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Plant Communities of Eastern MA: Vital Context for Landscape Design
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Plant Communities of Eastern MA:  Vital Context for Landscape Design

PLANT COMMUNITIES OF EASTERN MASSACHUSETTS: VITAL CONTEXT FOR LANDSCAPE DESIGN

10/4/2017
When: Wednesday, October 4, 2017
Where: United States
Contact: Meredith Gallogly
781-790-8921

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Plant Communities of Eastern Massachusetts: Vital Context for Landscape Design

Taught by Patricia Swain RiceNatural Communities Ecologist

October 4, 2017 | 1:00 - 4:00 PM

Location: Great Hall Lodge at Camp Cedar Hill,  265 Beaver St, Waltham, MA

CEUs Available: MCH (0.5 credit), APLD (1.5 credits) & NOFA-AOLCP (pending).

This workshop is largely in the classroom, with an optional short field walk at the end.

The central purpose for this workshop is summed up by the landscape designer Darrel Morrison, who wrote, “The naturally evolved associations of native plants within a particular range can provide both information and inspiration for the design of gardens and landscapes that are ecologically sound and aesthetically satisfying.” Quite simply, a solid understanding of plant communities is indispensable for any designer of native landscapes. There is no one better to teach us about the natural plant communities of Massachusetts than Pat Swain, an ecologist who led the effort to update the official classification of these communities for the MA Natural Heritage and Endangered Species program, using data collected from extensive field inventories across the state. She will discuss how a plant community is defined, and give an overview of the climatic, geologic, and disturbance conditions that influence the species assembled in these communities. Come learn about communities that are common in eastern Massachusetts, with a focus on the plant species present and structure of successional types that may be models to reproduce or mimic in landscape design. The lecture portion of this workshop will be followed by an optional 45-minute field walk through adjacent woodlands in Waltham.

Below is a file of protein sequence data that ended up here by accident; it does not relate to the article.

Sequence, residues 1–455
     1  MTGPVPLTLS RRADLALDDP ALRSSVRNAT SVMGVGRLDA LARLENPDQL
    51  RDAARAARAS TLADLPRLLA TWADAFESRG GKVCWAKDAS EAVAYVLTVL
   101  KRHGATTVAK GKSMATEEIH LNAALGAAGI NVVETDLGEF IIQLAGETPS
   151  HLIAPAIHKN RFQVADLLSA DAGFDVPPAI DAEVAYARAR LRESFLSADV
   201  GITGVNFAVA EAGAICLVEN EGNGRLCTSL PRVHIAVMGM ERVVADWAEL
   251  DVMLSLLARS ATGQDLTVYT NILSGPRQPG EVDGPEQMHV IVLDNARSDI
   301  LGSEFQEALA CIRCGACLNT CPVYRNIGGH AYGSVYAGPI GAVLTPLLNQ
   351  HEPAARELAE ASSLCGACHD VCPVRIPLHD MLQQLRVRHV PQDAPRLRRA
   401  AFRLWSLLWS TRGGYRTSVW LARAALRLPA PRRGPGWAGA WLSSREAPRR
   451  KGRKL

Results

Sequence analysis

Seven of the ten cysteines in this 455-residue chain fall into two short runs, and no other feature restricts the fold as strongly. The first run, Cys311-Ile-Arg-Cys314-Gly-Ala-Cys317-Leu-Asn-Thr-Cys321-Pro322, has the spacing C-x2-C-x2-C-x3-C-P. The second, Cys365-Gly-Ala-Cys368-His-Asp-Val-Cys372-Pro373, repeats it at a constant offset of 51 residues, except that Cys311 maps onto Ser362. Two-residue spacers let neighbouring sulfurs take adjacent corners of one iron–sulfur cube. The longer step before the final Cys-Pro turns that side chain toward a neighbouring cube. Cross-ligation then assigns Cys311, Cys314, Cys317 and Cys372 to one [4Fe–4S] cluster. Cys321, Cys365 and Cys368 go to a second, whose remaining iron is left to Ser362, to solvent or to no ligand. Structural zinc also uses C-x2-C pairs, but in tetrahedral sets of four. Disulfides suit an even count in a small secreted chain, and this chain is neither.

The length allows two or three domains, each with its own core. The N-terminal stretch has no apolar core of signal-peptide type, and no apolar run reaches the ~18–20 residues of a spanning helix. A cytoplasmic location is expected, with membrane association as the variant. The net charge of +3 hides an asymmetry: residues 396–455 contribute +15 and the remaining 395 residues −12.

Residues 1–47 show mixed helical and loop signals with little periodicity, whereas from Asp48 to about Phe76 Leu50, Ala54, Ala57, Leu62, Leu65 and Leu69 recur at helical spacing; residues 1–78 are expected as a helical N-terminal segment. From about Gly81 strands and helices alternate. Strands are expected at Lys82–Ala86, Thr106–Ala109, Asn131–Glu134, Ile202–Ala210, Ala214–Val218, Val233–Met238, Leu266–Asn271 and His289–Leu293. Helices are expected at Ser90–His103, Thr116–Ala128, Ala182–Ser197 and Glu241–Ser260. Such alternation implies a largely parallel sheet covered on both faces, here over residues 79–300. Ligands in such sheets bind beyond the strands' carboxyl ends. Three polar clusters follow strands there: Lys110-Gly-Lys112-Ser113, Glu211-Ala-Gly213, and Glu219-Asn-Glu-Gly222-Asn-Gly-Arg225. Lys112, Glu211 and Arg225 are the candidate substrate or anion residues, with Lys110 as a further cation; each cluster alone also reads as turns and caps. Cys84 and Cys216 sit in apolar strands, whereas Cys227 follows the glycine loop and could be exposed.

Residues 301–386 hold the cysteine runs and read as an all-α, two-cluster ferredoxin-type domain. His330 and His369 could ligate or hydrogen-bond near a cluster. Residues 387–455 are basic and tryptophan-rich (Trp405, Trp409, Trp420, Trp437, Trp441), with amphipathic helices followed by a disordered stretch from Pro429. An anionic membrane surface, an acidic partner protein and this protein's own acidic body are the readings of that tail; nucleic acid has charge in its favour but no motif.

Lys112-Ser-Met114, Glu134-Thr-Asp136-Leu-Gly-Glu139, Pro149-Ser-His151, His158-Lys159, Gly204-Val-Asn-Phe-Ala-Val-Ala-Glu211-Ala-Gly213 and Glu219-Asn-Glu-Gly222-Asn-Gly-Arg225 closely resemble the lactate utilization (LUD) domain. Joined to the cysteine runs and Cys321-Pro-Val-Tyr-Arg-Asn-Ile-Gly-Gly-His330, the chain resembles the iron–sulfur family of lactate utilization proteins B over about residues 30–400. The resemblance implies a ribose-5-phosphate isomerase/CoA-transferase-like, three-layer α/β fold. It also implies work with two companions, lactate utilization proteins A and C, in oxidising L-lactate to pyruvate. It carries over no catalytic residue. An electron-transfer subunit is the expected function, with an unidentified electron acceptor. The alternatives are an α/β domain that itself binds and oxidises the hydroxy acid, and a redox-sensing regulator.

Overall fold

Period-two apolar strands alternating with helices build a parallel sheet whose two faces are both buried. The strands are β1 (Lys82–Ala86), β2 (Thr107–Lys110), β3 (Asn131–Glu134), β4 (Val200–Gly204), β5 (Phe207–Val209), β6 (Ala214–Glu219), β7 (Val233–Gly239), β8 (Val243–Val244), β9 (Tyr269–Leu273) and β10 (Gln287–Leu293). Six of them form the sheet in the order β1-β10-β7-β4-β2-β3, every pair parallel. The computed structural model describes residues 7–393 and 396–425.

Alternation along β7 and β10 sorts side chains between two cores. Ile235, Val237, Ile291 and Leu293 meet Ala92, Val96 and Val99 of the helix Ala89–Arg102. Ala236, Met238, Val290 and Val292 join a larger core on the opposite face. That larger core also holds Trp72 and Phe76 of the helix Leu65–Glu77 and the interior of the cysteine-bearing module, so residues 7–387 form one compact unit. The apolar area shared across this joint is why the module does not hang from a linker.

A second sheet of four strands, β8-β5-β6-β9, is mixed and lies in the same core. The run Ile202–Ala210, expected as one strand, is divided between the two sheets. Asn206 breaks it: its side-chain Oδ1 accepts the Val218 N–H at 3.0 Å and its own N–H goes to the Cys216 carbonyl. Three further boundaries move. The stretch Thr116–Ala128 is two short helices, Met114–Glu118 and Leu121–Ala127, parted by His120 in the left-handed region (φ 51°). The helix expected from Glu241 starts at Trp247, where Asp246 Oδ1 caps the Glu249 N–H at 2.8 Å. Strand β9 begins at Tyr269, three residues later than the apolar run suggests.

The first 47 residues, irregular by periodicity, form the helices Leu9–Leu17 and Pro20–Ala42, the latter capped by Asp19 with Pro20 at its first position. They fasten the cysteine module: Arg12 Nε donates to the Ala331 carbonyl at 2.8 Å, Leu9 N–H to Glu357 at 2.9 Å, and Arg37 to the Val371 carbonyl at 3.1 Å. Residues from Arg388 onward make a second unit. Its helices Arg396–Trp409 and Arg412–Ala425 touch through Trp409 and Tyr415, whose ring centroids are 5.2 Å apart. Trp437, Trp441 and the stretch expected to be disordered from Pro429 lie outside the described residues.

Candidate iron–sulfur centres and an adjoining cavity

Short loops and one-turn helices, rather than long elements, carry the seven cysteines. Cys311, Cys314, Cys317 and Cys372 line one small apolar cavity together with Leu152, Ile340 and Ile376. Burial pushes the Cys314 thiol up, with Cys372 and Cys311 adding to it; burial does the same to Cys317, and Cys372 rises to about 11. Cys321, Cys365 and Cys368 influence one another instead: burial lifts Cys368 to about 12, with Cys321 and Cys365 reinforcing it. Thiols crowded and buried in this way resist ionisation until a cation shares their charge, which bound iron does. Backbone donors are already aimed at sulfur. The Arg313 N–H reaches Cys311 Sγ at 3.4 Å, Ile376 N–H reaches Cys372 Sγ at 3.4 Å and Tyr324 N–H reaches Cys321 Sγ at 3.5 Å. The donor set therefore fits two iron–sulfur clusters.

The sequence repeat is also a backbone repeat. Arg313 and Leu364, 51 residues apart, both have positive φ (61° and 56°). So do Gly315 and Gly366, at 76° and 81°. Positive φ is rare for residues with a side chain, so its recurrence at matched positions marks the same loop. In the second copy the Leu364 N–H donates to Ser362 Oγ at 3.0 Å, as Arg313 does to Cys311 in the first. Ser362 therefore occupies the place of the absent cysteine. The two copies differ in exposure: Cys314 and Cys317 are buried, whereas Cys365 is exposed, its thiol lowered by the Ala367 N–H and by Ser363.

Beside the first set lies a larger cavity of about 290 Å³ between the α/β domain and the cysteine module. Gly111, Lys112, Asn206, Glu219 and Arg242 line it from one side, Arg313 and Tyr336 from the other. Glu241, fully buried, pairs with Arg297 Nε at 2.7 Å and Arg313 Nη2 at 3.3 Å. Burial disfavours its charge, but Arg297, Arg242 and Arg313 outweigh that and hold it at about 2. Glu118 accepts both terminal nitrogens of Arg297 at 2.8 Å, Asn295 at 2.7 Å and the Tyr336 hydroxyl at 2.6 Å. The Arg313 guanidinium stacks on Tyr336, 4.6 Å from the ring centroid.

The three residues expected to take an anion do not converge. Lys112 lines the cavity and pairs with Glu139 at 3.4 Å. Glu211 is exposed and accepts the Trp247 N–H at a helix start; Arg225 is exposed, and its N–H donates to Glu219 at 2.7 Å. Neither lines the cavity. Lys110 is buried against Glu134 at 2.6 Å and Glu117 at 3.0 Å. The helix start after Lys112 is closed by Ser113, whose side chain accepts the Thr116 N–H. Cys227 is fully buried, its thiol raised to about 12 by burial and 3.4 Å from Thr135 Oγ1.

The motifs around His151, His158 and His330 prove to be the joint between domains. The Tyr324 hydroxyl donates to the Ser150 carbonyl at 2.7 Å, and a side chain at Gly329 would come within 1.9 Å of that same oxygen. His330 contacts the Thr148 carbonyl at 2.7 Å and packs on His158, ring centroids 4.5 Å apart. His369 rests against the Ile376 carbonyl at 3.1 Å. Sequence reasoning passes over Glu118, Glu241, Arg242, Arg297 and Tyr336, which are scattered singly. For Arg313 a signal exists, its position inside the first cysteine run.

Pat Swain Rice recently retired from the Massachusetts Natural Heritage and Endangered Species program, where she worked as an ecologist for nearly 30 years. She now teaches a wide range of classes on plant communities, botanical identification, and survey techniques. She holds a PhD in Ecology from the University of Minnesota.

 

For more information, visit us at http://grownativemass.org/programs/workshops, or call 781-790-8921.

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